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A note from Neurosurgeon-in-Chief Mark Proctor, MD

Mark Proctor, MD

Dear colleagues:

As we head into 2020, I’d like to briefly share some of our new initiatives and faculty updates, the most notable being the newest addition to our team.

New faculty

We’re pleased to announce that Lissa Baird, MD, joined Boston Children’s Department of Neurosurgery in January 2020 as director of neurosurgical oncology. Dr. Baird was formerly chief of pediatric neurosurgery and associate professor of neurosurgery at Oregon Health & Science University (OHSU) as well as director of pediatric surgical neuro-oncology at OHSU’s Doernbecher Children’s Hospital. While at OHSU, Dr. Baird reorganized and expanded the clinical and scientific components of the Pediatric Brain Tumor Program, established the only multidisciplinary Pediatric Skull Base Program in the region, and expanded the neuro-endoscopic and minimally invasive neurosurgical programs at Doernbecher Children’s Hospital. In her role at Boston Children’s, Dr. Baird will work closely with Katherine E. Warren, MD, the new clinical director of pediatric neuro-oncology, and Katie Pricola Fehnel, MD of Neurosurgery, to expand the research and clinical capabilities of our joint neuro-oncology program with Dana-Farber Cancer Institute. Welcome Dr. Baird!

New grants and projects

Katie Pricola Fehnel, MD received a new grant from Be Brave for Life to study a promising, modifiable therapeutic target for cerebral cavernous malformations, EphrinB2. Cavernomas in the brainstem and eloquent regions pose a treatment challenge and nonoperative interventions are needed. The study will evaluate the role of EphrinB2 and EphB4 in cavernomas, an initial step toward developing an alternative to surgical removal.

Edward R. Smith, MD received a grant from NIH/NINDS as part of a multi-center study examining modifiers of disease severity and progression in cerebral cavernous malformations, with University of California San Francisco as the primary site. The study is part of an ongoing 12-center trial evaluating brain tumor recurrence.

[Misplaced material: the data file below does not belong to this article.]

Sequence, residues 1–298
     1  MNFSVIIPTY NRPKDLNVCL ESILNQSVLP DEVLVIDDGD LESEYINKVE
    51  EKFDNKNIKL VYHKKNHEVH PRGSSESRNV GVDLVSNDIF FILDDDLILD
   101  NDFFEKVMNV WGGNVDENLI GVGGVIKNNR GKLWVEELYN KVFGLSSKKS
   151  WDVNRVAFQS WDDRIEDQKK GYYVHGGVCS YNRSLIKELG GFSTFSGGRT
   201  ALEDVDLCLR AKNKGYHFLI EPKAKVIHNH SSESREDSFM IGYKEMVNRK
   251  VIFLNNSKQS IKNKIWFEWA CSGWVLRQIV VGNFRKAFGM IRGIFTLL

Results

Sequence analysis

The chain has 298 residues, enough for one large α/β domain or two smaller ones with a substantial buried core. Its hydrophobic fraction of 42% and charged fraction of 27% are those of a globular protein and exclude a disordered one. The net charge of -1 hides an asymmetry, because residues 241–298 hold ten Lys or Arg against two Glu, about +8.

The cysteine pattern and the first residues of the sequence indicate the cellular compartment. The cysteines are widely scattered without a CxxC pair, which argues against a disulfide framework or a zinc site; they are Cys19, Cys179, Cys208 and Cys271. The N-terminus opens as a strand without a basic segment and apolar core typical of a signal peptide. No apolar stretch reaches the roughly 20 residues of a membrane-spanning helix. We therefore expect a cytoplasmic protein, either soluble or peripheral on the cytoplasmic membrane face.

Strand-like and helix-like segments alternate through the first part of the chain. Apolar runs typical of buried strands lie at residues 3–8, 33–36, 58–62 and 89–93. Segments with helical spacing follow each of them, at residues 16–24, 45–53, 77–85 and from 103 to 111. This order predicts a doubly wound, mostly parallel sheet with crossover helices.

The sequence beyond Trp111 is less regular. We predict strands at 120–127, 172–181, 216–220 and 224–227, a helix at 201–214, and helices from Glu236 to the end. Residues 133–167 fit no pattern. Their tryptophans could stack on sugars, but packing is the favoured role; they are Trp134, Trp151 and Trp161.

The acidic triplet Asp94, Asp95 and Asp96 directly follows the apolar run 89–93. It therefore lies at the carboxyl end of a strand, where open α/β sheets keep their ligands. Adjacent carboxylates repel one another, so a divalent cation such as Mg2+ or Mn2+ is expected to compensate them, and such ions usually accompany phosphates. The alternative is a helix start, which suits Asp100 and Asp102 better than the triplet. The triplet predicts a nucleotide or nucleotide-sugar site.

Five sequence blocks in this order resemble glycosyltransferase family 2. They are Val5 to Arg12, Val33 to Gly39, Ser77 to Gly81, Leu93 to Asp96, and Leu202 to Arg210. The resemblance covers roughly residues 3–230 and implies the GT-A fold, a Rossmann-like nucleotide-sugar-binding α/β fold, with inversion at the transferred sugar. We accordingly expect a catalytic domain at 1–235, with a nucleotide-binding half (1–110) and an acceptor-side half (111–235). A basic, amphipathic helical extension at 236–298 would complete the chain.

Joseph Madsen, MD and Christos Papadelis, PhD (head of the Children’s Brain Dynamics laboratory in the Division of Newborn Medicine) received a grant from NIH/NINDS to study interictal high frequency oscillations (HFOs) in pediatric patients. The goal is to non-invasively localize HFOs with high-density electroencephalography and magnetoencephalography in children with medically refractory epilepsy, distinguish pathological from physiological HFOs, and assess the effect of localization of HFOs with respect to surgical resection and patient outcomes.

R. Michael Scott, MD’s new project endeavors to identify much-needed predictors of outcomes in myelomeningocele patients who require decompression. With neuroradiologist Edward Yang, MD, PhD, Dr. Scott is making an extensive review of patients who underwent decompression at Boston Children’s following myelomeningocele repair to determine whether findings of preoperative MRIs predict patient outcomes. He hopes the results will help guide colleagues as to the efficacy of decompression in myelomeningocele cases.

Faculty news

Benjamin Warf, MD presented at the 2019 International Neural Tube Defects Conference in Boston this past September on Neural Tube Defects in Uganda. Dr. Warf also received an award for Exceptional Contribution to International Training in Neuroendoscopy at the International Federation of Neuroendoscopy meeting in Orlando.

Mark Proctor, MD presented at the 18th Congress of the International Society of Craniofacial Surgery in Paris this past September on Outcomes in endoscopic surgery for craniosynostosis: When are reoperations necessary? He also gave an oral presentation entitled Large single institution series of endoscopically treated infants with craniosynostosis. He was also elected to the American Board of Pediatric Neurological Surgery.

Cameron Sadegh, MD, PhD, a Massachusetts General Hospital-based resident working at Boston Children’s, received the Hydrocephalus Association Award at the Joint Section on Pediatrics AANS/CNS annual meeting for the best paper on hydrocephalus entitled Intraventricular hemorrhage induces rapid calcium signaling in rodent choroid plexus epithelial cells. Other authors include Huixin Xu, PhD, Frederick Shipley, Jason Sutin, PhD, Neil Dani, PhD, and Ivy Lin, PhD, and senior authors Benjamin Warf, MD, and Maria Lehtinen, PhD.

Upcoming events

Each spring, our Cerebrovascular Surgery and Intervention Center hosts an in-person event for families. It’s a popular opportunity for families with rare diseases to connect, meet experts in the field, and learn about the latest advances in research and clinical care. This spring, we’re taking the event virtual, in hopes of widening the audience to families outside New England who cannot attend in person.

In May, we are supporting primary care providers in our region — physicians, nurses, and advanced practitioners —with an in-person continuing education course led by Dr. Fehnel and our nursing team. The course will cover common issues we see in neurosurgery and provide guidance on when to refer.

Thanks for your attention, and please reach out at any time.

Mark Proctor, MD


Neurosurgeon-in-Chief
Department of Neurosurgery
Boston Children's Hospital
mark.proctor@childrens.harvard.edu